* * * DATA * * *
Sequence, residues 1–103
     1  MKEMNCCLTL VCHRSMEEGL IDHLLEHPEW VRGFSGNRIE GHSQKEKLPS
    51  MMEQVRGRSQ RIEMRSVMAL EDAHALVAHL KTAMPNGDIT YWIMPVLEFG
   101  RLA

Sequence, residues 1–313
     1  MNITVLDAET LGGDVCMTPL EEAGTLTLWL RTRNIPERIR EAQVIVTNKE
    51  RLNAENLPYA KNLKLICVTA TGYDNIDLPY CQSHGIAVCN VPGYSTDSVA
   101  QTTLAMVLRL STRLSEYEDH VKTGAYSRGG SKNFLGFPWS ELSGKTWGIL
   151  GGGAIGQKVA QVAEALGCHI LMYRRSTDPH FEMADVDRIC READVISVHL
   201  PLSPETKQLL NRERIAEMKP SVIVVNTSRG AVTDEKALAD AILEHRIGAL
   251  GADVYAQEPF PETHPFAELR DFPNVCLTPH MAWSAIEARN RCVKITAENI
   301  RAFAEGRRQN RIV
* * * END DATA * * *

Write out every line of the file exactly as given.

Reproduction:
Sequence, residues 1–103
     1  MKEMNCCLTL VCHRSMEEGL IDHLLEHPEW VRGFSGNRIE GHSQKEKLPS
    51  MMEQVRGRSQ RIEMRSVMAL EDAHALVAHL KTAMPNGDIT YWIMPVLEFG
   101  RLA

Sequence, residues 1–313
     1  MNITVLDAET LGGDVCMTPL EEAGTLTLWL RTRNIPERIR EAQVIVTNKE
    51  RLNAENLPYA KNLKLICVTA TGYDNIDLPY CQSHGIAVCN VPGYSTDSVA
   101  QTTLAMVLRL STRLSEYEDH VKTGAYSRGG SKNFLGFPWS ELSGKTWGIL
   151  GGGAIGQKVA QVAEALGCHI LMYRRSTDPH FEMADVDRIC READVISVHL
   201  PLSPETKQLL NRERIAEMKP SVIVVNTSRG AVTDEKALAD AILEHRIGAL
   251  GADVYAQEPF PETHPFAELR DFPNVCLTPH MAWSAIEARN RCVKITAENI
   301  RAFAEGRRQN RIV